1. The lease contained a clause that stated "the preferential rent shall be offered for the entire term of the tenancy".
  2. On October 1, 2007, when Mr. Jones' one year lease renewal begins, the legal regulated rent increases by 3% to $1,236 and the preferential rent increases by 3% to $1,030. Mr. Jones will pay the $1,030 rent.
  3. In this example, the owner must continue to base lease renewal rent increases for Mr. Jones on the preferential rent, due to the lease clause cited above.

Example #4

The owner, ABC Corporation offers Ms. Santiago a lease. Ms. Santiago signed a one year lease, effective October 1, 2006. The lease cited a legal regulated rent of $1,500 and a preferential rent of $1,000.

  1. The lease did not contain any clause that clarified whether the preferential rent was for the "term of the lease" or "the entire term of the tenancy". It was silent on this issue.
  2. On October 1, 2007, when Ms. Santiago's one year lease renewal begins, the legal regulated rent increases by 3% to $1,545 and the preferential rent increases by 3% to $1,030. ABC Corporation can choose to require that Ms. Santiago pay the $1,545 rent.
  3. In this example, the owner can terminate the collection of the preferential rent at the time of the lease renewal as the lease did not contain a clause stating that the preferential rent was for "the entire term of the tenancy".

Preferential Rent and Deregulation

When a tenant who has been paying a preferential rent vacates and a new tenant moves into the apartment, the new tenant will not be under rent stabilization if the legal regulated rent for the prior tenant plus the rent increases that are allowed for a new tenant equals at least $2,500 per month.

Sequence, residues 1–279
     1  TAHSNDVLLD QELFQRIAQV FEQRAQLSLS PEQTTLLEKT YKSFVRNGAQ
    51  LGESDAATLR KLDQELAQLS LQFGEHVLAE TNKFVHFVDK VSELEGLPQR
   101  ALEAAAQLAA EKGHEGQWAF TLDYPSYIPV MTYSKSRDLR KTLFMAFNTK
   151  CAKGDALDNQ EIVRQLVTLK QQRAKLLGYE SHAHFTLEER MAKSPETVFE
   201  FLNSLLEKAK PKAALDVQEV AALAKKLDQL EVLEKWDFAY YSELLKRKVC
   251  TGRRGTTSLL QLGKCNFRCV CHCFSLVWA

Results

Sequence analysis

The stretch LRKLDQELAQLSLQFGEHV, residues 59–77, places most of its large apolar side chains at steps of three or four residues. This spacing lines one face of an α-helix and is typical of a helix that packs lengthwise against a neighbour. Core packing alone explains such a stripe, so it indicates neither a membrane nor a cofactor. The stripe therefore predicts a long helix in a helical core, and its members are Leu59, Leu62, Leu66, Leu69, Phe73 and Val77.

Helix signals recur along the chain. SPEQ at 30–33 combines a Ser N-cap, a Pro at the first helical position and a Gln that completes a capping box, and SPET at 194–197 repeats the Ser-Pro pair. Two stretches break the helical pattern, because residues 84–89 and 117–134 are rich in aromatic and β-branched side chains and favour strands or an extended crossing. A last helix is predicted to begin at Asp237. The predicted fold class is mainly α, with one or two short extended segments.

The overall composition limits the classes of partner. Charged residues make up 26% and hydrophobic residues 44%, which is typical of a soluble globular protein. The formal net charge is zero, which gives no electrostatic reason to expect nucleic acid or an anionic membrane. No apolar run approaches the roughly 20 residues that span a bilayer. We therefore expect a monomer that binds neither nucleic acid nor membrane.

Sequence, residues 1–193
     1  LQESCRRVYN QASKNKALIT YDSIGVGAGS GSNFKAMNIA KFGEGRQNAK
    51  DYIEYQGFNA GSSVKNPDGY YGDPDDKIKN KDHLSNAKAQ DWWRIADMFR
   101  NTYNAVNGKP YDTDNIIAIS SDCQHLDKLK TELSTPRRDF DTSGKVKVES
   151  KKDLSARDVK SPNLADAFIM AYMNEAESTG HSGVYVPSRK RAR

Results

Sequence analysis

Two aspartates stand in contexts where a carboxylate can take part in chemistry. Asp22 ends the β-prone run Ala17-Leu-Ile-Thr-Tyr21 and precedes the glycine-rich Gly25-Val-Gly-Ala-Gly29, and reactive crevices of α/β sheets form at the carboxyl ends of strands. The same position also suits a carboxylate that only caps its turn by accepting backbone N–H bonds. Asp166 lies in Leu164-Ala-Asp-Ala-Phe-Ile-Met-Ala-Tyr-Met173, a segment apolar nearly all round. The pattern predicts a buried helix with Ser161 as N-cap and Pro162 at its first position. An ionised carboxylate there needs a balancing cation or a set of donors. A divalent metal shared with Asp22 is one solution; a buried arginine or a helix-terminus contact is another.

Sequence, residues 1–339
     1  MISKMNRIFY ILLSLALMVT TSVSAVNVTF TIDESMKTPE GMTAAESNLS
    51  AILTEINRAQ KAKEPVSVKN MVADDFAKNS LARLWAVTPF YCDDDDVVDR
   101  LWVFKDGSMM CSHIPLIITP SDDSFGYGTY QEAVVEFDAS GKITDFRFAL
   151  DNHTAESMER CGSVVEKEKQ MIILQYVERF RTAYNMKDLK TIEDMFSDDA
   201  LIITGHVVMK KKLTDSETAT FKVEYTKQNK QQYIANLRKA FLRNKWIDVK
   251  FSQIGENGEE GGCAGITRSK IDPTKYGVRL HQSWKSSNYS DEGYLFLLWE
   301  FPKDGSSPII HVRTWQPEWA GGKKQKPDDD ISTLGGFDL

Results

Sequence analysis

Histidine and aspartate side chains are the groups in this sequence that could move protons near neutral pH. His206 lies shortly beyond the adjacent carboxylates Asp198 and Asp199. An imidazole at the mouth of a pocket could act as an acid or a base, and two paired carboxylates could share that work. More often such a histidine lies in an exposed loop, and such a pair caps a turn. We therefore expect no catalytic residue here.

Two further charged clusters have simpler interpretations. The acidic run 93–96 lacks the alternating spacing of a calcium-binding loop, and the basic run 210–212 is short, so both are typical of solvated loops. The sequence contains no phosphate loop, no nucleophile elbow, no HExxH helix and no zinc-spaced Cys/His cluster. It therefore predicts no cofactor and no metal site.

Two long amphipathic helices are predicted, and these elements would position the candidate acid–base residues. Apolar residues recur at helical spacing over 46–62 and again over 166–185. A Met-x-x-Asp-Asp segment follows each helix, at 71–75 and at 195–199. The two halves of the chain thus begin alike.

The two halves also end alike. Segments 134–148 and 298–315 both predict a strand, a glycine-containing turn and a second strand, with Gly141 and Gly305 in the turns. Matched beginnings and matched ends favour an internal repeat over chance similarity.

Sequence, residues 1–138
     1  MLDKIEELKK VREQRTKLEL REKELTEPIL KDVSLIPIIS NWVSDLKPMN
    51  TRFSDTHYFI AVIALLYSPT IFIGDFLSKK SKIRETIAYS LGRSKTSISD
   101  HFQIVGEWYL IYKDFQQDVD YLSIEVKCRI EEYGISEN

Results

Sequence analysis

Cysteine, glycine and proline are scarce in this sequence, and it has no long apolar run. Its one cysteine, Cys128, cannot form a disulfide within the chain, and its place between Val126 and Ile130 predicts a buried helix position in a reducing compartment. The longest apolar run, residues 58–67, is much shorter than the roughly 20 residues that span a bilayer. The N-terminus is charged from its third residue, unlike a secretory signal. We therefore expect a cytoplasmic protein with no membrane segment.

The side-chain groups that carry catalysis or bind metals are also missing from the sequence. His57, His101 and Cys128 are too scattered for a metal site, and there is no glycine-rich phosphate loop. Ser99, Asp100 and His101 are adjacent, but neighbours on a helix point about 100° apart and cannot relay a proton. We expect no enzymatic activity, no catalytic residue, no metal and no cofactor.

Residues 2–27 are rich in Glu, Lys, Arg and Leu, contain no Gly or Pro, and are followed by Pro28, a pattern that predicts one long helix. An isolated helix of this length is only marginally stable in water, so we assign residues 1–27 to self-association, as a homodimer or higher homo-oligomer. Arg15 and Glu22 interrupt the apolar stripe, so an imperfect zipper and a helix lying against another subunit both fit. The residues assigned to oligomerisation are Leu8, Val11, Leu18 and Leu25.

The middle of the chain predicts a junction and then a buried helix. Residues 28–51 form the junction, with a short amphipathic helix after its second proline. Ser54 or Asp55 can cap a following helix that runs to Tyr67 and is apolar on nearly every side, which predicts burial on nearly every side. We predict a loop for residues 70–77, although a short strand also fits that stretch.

Concessions

There are two types of rent concessions. One is a concession for specific months, as for example, where the lease provides that the tenant will not have to pay rent for one or more specified months during the lease term. This type of concession is not considered a preferential rent.

The other type is a prorated concession, where the dollar value of the rent free month(s) is prorated over the entire term of the lease and not tied to a specific month or months. A prorated concession is really the same as a preferential rent and will be treated in the same manner

Other Considerations

Where the tenant is charged a preferential rent, the following will apply.

  1. The sublet allowance that the owner can charge (and the tenant can pass on to the subtenant) is based on the legal rent. The additional 10% increase that the tenant can charge the subtenant for the use of furniture is based on the preferential rent.
  2. The proportionate share of the rent that the tenant can charge a roommate is based on the preferential rent.
  3. The amount of a security deposit that the owner can collect from a tenent is based on the legal rent.
  4. The limitation on collectability of Major Capital Improvement rent increases (6% in NYC; 15% outside of NYC) is based on the legal rent.
  5. Upon issuance by DHCR of an order reducing rent for decreased services, if the tenant’s current and prior leases contain a legal rent and also provide for a preferential rent, the rent is reduced to the prior lease’s preferential rent. If the tenant’s current lease only contains a legal rent, even if the prior lease provided for a preferential rent, the rent is reduced to the prior lease’s legal rent.

Sources:

For more information or assistance, call the DHCR Rent InfoLine, or visit your Borough or County Rent Office.

Revised: 01/14

Last updated on 01/20/14